Were the entire nobility alienated from Macbeth? What were his desperate acts that left him friendless ?this is a question from Macbeth written by Shakespeare .....

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What is clear from the play is that as the action of the play progresses Macbeth alienates more and more of his Lords through his tyranny. The first hint of dissent we can identify is in Act II scene 4, where, depending on how you play it, Macduff clearly suspects Macbeth of having an involvement in the regicide of Duncan and refuses to go to his coronation. Act III scene 4, with the appearing of Banquo's "ghost", clearly would unsettle those supporting Macbeth, and likewise in Act III scene 6 we see strongly veiled hints that Lenox is suspecting Macbeth as well, as he identifies that under Macbeth, Scotland is suffering:

Some holy Angel

Fly to the court of England, and unfold

His message ere he come, that a swift blessing

May soon return to this our suffering country

Under a hand accurs'd!

Act IV scene 2 features one of Macbeth's most notorious desperate acts, when he organises the slaughter of Macduff's wife and children - poignantly shown on stage (in comparison to Duncan's murder which was off stage) to exacerbate the severity of the crime. Note how the dialogue between Lady Macduff and her son really endears them to us before their slaughter.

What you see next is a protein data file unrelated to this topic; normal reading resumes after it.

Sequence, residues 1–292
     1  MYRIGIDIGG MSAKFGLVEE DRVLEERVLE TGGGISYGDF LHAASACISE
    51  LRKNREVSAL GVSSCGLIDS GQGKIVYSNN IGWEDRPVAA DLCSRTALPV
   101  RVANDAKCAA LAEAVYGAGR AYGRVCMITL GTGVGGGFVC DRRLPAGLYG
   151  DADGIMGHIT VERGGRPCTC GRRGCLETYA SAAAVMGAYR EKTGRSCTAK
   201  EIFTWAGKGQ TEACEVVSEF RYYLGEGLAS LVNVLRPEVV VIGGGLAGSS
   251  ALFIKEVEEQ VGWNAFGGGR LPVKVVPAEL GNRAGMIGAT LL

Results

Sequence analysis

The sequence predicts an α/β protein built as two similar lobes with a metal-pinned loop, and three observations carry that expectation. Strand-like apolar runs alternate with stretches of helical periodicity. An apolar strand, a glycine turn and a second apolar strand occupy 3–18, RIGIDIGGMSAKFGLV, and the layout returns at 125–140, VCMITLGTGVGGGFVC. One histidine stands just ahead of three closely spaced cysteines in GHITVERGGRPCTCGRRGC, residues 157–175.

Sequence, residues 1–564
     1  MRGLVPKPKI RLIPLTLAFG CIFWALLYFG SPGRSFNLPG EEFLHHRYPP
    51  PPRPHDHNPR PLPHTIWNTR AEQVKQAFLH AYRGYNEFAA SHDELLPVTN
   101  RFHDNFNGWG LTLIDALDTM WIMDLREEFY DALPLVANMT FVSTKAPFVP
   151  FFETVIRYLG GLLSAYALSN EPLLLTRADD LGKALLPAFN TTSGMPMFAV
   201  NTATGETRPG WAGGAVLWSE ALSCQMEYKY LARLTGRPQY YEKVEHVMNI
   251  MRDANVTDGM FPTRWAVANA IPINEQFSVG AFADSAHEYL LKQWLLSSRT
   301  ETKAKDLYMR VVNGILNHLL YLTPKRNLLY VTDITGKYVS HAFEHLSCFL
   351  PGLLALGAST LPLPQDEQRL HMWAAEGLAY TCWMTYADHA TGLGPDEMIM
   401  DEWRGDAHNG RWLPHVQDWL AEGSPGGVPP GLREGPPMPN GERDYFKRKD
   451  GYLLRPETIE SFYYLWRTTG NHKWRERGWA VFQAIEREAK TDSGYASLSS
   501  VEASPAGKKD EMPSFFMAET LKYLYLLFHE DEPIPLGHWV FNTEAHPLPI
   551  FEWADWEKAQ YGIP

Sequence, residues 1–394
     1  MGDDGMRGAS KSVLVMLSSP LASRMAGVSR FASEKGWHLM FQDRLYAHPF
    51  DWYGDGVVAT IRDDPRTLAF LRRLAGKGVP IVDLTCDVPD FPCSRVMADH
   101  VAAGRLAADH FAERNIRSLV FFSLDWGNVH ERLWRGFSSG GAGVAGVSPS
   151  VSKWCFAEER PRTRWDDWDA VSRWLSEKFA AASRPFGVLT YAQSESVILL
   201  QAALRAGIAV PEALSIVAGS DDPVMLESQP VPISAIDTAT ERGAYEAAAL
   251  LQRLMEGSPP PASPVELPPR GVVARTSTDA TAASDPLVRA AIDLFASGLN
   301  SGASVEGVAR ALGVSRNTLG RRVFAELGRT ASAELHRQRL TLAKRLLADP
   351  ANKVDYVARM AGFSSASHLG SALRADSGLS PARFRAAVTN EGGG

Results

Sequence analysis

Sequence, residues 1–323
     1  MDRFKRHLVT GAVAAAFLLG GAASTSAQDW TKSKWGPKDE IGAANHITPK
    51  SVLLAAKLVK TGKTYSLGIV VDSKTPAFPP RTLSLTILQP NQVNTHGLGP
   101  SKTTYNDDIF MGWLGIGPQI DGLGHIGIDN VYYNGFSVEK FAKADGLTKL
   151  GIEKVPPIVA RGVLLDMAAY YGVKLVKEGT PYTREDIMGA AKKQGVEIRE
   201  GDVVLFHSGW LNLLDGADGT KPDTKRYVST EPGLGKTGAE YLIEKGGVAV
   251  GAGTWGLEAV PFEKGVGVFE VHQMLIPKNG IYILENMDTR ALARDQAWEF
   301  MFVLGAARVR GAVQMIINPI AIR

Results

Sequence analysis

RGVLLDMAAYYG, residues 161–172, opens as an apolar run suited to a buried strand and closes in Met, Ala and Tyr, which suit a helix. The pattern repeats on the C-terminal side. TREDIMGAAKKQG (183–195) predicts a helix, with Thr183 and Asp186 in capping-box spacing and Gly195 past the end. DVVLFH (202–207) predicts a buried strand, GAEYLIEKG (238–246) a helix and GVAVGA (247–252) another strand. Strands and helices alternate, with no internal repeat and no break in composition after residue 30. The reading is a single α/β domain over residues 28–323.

Then in Act IV scene 3, Rosse describes Scotland under Macbeth:

Alas, poor country!

Almost afraid to know itself. It cannot

Be call'd our mother, but our grave; where nothing,

But who knows nothing, is once seen to smile;

Where sighs, and groans, and shrieks that rent the air

Are made, not mark'd; where violent sorrow seems

A modern ecstasy: the dead man's knell

Is there scarce ask'd for who...

Clearly the effects of Macbeth's rule are detrimental, as recognised by a number of characters. In Act V scene 3, we are presented with a resolute Macbeth, who says:

Bring me nor more reports; let them fly all

Obviously a number of lords and soldiers have been defecting from him as a result of his despotism but also the oncoming invasion. The Polanski version of the film pictures this desertion wonderfully with Macbeth being left alone to defend his castle, "safe" in the knowledge that none of woman born can slay him.